This all seems so pessimistic to me. Why revel in the negative? We are surrounded by it day in and day out. I prefer the more positive endings because I see the world and my life that way. I refuse to wallow in tragedy or to accept its inevitability and I fight against its effects everyday.
    When things go sideways is a great way to describe hurdles to be overcome, not to be overwhelmed and destroyed by. Shakespere wrote as many comedies and farces as he did tragedies, why then are his tragedies considered his best works? Why not To Tame a Shrew, or Much Ado About Nothing?
    I would prefer that my life concluded in a happy ending. Like everyone else I have had my share of bad things happen and tears shed. But all in all I have read most of the classics and I truly appreciate the art and style of them. However, well I have made myself clear about them elsewhere. GOTs, for all its thousands of pages is, IMHO, nothing but an indulgence in self imposed disapointment. I’ll still pass thank you.

  5. Clay says:

    I’ll stand up a little for Robb here. Everyone seems to be ragging on him. Remember, he beat the pants off the best living general in Westeros (Tywin Lannister) three times. Tactical brilliance is something that shouldn’t be completely discounted. OTOH, like a lot of great generals, he’s got serious blind spots. He sort of reminds me of Patton. In one battle, there’s probably no other general you’d want to have, but Patton was strategically and politically blind and was often his own worst enemy (see slapping soldier incident). It’s a miracle that today he still has the reputation he does.
    Also, the moment where everything goes sideways is a wonderful thing to key in on. That moment when the crossbows come out. Think of the moment on Macondo when the workers saw their boat, which they’d worked on for years, up in flames, with 11 of their friends with it. Think of the moment when everyone saw the Challenger blow up. The moment when the ground started to shake in Haiti in 2010 (current count: 316,000 fatalities, BTW). The moment where not even the ground beneath your feet is a given.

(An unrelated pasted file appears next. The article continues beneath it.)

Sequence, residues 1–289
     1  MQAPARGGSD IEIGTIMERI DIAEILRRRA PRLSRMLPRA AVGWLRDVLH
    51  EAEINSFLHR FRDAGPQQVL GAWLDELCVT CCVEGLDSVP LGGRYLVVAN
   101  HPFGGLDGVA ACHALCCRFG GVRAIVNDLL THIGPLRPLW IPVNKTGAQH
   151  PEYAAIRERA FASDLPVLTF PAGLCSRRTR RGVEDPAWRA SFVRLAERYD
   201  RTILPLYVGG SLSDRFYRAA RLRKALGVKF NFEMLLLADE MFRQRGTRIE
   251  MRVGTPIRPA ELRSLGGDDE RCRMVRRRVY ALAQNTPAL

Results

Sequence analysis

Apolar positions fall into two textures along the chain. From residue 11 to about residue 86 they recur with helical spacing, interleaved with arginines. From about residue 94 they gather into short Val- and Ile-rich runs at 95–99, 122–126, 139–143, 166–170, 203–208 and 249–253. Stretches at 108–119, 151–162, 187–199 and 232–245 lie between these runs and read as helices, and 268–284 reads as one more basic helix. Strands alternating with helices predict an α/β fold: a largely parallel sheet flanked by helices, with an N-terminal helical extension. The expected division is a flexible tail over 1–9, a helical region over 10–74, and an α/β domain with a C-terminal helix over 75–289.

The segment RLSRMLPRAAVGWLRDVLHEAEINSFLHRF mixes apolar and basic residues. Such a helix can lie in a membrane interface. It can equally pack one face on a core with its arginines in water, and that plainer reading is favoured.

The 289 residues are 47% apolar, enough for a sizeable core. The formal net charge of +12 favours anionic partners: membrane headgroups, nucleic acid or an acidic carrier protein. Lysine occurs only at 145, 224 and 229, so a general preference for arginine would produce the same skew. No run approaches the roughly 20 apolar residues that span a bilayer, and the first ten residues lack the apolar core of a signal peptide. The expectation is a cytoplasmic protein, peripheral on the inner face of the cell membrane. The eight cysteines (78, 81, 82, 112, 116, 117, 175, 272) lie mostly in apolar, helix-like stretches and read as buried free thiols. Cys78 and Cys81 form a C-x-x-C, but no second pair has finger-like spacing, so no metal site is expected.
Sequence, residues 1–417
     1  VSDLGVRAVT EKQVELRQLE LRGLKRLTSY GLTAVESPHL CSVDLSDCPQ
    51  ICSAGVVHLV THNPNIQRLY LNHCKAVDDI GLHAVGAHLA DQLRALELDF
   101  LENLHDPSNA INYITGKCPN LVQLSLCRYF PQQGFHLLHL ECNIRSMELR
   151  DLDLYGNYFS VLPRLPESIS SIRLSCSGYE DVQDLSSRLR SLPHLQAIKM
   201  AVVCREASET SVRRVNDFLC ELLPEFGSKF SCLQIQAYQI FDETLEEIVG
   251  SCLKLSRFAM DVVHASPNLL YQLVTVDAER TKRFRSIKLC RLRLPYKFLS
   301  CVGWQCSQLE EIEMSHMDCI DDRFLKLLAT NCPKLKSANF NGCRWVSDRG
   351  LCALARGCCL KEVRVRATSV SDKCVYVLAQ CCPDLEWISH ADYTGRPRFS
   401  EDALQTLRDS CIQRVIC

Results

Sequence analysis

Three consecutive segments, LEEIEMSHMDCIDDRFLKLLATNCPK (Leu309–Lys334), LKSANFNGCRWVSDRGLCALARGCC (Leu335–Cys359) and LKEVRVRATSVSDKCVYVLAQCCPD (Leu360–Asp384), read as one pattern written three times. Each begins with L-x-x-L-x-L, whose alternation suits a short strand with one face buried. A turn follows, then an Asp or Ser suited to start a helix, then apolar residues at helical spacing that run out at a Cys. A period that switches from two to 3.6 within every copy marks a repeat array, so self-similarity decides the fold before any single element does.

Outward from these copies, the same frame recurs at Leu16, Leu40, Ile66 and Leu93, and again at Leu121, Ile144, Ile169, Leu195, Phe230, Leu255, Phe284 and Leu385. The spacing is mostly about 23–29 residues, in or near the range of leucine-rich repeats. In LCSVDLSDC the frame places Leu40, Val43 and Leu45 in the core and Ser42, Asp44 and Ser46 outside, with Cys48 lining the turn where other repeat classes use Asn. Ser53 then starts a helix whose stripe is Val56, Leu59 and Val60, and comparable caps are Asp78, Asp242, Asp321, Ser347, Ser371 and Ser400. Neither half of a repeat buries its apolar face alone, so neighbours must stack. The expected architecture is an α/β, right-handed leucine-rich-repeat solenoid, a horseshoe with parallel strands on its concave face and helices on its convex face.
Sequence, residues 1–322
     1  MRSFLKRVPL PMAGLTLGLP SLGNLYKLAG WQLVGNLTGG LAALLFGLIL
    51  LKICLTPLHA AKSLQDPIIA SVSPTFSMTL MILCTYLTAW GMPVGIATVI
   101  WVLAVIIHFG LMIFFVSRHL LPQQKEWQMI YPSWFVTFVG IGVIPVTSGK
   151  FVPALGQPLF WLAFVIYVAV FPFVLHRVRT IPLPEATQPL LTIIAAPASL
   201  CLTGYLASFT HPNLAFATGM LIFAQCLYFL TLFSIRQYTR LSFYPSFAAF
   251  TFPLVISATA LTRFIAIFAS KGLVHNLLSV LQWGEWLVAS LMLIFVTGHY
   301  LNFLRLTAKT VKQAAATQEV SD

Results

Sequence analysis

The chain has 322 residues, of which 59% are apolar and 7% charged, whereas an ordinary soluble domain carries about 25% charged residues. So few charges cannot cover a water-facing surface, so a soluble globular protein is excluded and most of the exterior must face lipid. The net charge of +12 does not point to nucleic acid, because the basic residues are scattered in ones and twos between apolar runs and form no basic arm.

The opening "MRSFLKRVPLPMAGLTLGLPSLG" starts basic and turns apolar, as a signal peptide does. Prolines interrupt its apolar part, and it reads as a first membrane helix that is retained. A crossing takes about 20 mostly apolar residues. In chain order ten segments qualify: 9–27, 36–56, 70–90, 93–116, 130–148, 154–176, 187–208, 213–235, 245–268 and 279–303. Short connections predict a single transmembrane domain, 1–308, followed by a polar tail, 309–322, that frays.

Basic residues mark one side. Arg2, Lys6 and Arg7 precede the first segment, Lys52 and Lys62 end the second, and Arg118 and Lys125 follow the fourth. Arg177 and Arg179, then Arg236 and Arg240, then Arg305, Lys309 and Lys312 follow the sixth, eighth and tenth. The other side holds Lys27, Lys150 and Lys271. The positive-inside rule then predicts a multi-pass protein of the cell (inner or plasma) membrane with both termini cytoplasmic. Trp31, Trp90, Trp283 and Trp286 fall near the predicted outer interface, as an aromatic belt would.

6. Maitri says:

    “The idea of tragedy is that it should be over come … Because you know that everyone they get you to care about is going to DIE.”
    Robb was a noble king, but a dumbasserific one, and this was his price to pay. You make a solemn promise to a known weirdo like Walder Frey and then renege on it following which you execute Lord Karstark and piss off a gigantic chunk of your bannermen and army and then top it off by waltzing into Casa Frey and offering Edmure Tully instead of a king, and then what do you expect? Catelyn was surprised and enraged by Roose Bolton’s betrayal but not Frey’s.
    And, come on, only three Starks (four, if you count Talisa) are dead so far. The Red Wedding is hopefully the crescendo of tragedy for the remaining Starks to overcome. Wonderful family, but they’d better start wondering why their elders were killed.
    I’ve been thinking about the fate of the Starks and all of the characters given there are only two books remaining. Is the idea of tragedy that it should be overcome? I loooove the idea of all the Stark kids reuniting to kill everyone else and take over Winterfell again, froget Westeros, but will not be surprised if there isn’t a single Stark left living at the end of Book 7. Not all life needs or has resolution and a neat little bowtie at the end. Now that’s lame.

  7. joel hanes says:

    GRRM had good reason to destroy Ned and Rob and Catlyn – these characters made fatal error after fatal error, in an environment in which you win or you die.
    It’s loyalty that kills Ned.
    It’s love that kills Rob and Catlyn and Talisa.
    The excellences the of the characters, the best things about their personalities, are exactly the traits that seal their respective dooms.
    Aeschylus would have found this plot both comprehensible and appropriate — the fates of his hero-kings and those they love are similarly grim, and for similarly good reasons.
    Pity and terror are never lame.

  8. Maitri says:

    At least they didn’t do that thing with Grey Wind. I wondered how they would depict that scene if it came to pass. Phew.
    Knew it was coming and still handled it like a five-year-old Sansa would have. Poorly.
    Winds turn quickly. The Lannisters would be wise to pay attention to this fact.

  9. Maitri says:

    Do not watch this Benioff and Weiss Red Wedding debrief while eating lunch.